Opened in 1820, City Road Basin was the pumping vein of London's Industrial Revolution. Raw materials such as coal, stone, iron
and timber flowed into the heart of the capital and was integral to the city's exponential growth. iBasin ties the modern,
tech-driven future of Silicon Roundabout to the history of the neighbourhood.
"Up and down the City Road,
In and out the Eagle,
That's the way the money goes -
Pop goes the weasel!"
As you walk through City Road you're greeted with endless historical artefacts and street names that hark back to the history of the area. For instance, professional tradesmen such as ironmonger Thomas Mitchell, spectacular entertainment within The Grecian Saloon Theatre and the presence of evangelical legends such as Charles Dickens who drew much inspiration from the area. Many of the scenes in Oliver Twist was set in the nearby workhouses.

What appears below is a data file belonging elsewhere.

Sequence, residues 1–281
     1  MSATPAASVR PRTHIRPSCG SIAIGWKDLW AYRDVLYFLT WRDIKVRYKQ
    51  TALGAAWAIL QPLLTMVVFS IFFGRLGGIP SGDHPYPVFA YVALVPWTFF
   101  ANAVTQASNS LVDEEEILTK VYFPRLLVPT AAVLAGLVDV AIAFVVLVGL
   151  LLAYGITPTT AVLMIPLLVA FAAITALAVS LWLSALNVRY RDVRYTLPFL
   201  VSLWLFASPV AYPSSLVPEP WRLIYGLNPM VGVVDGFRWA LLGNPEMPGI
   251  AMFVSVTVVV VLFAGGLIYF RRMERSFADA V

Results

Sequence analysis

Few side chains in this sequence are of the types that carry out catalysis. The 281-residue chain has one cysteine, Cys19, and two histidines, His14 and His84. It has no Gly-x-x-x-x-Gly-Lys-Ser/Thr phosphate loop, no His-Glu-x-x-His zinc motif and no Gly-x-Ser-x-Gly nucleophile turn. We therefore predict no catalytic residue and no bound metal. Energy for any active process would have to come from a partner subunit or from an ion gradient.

The Eagle Tavern' is a historical building located on the corner of City Road and Shepherdess Walk. The Eagle began its guise as an old pub, which was re-built as a music hall in 1825. One of the most popular old English nursery rhymes was written in 1856 and performed at the Theatre Royal. "Up and down the City Road, in and out The Eagle. That's the way the money goes, POP! Goes the weasel."
The City Road Basin where the 250 City Road scheme sits was the second most important traffic centre, handling incoming inland freight, originally under and beyond City Road.